News / Africa

Ivory Coast Braces for Violent Showdown

Soldiers loyal to Laurent Gbagbo patrol a street in the central Plateau neighborhood of Abidjan, Ivory Coast, April 2, 2011
Soldiers loyal to Laurent Gbagbo patrol a street in the central Plateau neighborhood of Abidjan, Ivory Coast, April 2, 2011
Julia Ritchey

Tensions in Ivory Coast's commercial capital remain high as forces loyal to the country's internationally-recognized president lay the groundwork for a final push to unseat incumbent Laurent Gbagbo.

The prime minister of internationally-recognized president Alassane Ouattara says rebel troops are gathering on the outskirts of Abidjan in preparation for a final assault. Guillaume Soro says clashes in the city have caused panic among troops loyal to Laurent Gbagbo.

Adding to the tension are reports that Gbagbo's army chief, Philippe Mangou, has rejoined the military after seeking refuge with his family in the South African embassy last week.

With talk of a final push circulating for days, Eurasia Group Africa analyst Anne Fruhauf says it remains unclear how imminent an assault actually is.

“There are certain disagreements, I understand, within the rebel camp about how to proceed. And then some of the problems are also that there's increasingly civilians in the street. They're strategically being put in front of places like the presidential residence and I think the palace now, so that it makes it very difficult for the rebels to launch a final assault on critical targets like that,” Fruhauf said.

J. Peter Pham of the Ansari Africa Center agrees, adding that any assault will likely be violent.

“I think there are those who would like an assault on the city. There are others who I think are thinking more toward the future, which if they assault the city, it's going to make it that much more difficult to govern it if they succeed,” Pham said.

With the lack of reliable information coming from Abidjan, Fruhauf says it is difficult to assess what impact, if any, the return of Gbagbo's army chief will have.

“I think the most important point about his departure is that symbolically, politically, it's clearly very important. He would've been a very big win for the Ouattara camp in the current climate. The population is very confused about who's actually in control now. So right now the more signals either side can send is very strategic right now,” Fruhauf said.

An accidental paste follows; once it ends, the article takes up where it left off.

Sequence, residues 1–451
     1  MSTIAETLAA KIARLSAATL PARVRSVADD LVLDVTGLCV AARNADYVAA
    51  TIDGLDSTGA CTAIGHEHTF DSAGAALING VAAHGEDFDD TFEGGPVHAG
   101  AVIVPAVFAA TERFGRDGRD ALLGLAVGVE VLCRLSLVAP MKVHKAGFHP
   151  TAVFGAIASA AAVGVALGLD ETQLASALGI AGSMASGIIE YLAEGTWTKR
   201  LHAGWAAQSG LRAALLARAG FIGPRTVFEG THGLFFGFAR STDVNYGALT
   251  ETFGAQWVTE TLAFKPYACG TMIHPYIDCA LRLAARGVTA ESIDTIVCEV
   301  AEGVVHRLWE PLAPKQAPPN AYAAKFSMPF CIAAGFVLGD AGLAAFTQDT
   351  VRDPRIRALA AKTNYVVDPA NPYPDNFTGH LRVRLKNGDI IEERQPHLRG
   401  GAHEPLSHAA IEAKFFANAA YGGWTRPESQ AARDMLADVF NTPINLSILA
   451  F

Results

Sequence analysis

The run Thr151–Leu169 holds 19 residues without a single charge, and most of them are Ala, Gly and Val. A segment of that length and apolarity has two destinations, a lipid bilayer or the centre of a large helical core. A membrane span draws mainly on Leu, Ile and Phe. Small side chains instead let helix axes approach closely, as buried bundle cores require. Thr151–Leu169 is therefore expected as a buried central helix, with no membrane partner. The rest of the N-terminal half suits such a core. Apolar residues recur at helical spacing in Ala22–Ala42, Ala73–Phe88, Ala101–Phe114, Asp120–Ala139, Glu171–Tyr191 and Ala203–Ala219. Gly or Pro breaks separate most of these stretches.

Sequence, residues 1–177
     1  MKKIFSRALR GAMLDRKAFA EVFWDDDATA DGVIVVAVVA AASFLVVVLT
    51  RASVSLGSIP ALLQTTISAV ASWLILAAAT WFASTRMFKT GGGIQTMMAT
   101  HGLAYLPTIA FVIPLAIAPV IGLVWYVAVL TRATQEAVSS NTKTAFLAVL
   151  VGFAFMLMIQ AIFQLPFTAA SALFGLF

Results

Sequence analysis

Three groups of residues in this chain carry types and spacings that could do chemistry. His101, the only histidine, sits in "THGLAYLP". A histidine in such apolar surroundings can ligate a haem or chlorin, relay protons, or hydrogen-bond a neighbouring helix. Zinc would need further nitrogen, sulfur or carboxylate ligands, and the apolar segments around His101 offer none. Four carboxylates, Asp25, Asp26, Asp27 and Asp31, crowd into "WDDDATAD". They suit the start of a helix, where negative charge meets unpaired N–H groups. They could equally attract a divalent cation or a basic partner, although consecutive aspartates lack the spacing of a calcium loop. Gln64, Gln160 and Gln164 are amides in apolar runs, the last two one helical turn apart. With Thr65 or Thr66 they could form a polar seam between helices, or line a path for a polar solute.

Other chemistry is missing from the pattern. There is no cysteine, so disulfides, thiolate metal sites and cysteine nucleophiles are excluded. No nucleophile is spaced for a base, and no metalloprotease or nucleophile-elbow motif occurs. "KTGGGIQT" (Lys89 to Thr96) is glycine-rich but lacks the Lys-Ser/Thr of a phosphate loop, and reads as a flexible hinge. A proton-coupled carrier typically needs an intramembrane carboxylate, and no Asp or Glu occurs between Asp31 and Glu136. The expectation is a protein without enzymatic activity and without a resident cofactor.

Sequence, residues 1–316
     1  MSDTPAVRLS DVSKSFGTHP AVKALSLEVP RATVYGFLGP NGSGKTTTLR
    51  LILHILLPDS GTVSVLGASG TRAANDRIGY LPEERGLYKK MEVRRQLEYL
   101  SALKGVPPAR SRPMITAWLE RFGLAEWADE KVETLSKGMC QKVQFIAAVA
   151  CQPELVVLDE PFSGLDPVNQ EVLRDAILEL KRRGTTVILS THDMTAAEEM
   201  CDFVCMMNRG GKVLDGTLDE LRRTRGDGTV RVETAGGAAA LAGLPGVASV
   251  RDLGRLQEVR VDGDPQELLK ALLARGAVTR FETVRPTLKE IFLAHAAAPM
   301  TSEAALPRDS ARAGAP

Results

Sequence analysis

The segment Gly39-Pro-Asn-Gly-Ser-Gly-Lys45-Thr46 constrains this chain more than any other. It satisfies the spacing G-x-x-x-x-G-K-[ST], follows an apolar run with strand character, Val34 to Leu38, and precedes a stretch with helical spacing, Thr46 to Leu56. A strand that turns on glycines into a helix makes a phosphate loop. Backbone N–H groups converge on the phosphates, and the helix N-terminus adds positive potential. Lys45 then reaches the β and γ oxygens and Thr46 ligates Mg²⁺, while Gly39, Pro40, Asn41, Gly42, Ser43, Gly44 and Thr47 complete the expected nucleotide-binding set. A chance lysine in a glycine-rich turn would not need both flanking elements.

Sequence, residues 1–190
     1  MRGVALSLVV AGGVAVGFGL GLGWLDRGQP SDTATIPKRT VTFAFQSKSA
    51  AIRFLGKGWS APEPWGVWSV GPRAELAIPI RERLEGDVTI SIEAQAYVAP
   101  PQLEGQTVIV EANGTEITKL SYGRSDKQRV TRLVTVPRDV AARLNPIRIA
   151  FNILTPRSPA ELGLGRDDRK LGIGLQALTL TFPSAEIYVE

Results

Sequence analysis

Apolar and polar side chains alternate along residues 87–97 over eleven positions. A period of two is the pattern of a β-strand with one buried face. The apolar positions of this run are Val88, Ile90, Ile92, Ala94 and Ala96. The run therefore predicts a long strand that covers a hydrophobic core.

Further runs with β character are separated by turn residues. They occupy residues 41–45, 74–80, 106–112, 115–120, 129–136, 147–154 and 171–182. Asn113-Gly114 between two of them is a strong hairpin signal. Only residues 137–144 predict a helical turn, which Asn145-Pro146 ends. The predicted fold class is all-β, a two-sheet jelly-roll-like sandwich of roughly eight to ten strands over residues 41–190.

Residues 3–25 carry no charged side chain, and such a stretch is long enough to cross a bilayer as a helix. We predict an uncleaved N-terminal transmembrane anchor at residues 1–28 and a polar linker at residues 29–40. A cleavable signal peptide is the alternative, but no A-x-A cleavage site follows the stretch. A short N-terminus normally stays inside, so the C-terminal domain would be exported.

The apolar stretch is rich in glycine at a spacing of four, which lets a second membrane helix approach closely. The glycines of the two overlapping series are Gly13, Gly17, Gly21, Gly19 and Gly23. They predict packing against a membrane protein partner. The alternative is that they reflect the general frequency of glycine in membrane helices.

Both analysts agree that Ouattara is being very careful on how to proceed. Gbagbo has refused to step down since he lost the country's presidential elections last November.

France, which took control of Abidjan's airport Sunday, says it is sending in another 150 troops to help protect civilians and evacuate foreign nationals as the situation escalates.

Abidjan has remained paralyzed for almost five days now, with food running low and water shut off in several parts of the city.  Residents have barricaded themselves inside homes and offices to avoid the sporadic gunfire between rival factions around the city.

You May Like

Video One Year After Thai Coup, No End in Sight for Military Rule

Since carrying out the May 22, 2014 coup, the general has retired from the military but is still firmly in charge More

Goodbye, New York

This is what the fastest-growing big cities in America have in common More

Job-Seeking Bangladeshis Risk Lives to Find Work

The number of Bangladeshi migrants on smugglers’ boats bound for Southeast Asian countries has soared in the past two years More

This forum has been closed.
Comments
     
There are no comments in this forum. Be first and add one

Featured Videos

Your JavaScript is turned off or you have an old version of Adobe's Flash Player. Get the latest Flash player.
Turkey's Main Opposition Party Hopes for Election Breakthroughi
X
May 22, 2015 10:23 AM
Turkey’s main opposition Republican People’s Party has sought an image change ahead of the June 7 general election. The move comes after suffering successive defeats at the hands of the Islamist-rooted AK Party, which has portrayed it as hostile to religion. Dorian Jones reports from the western city of Izmir.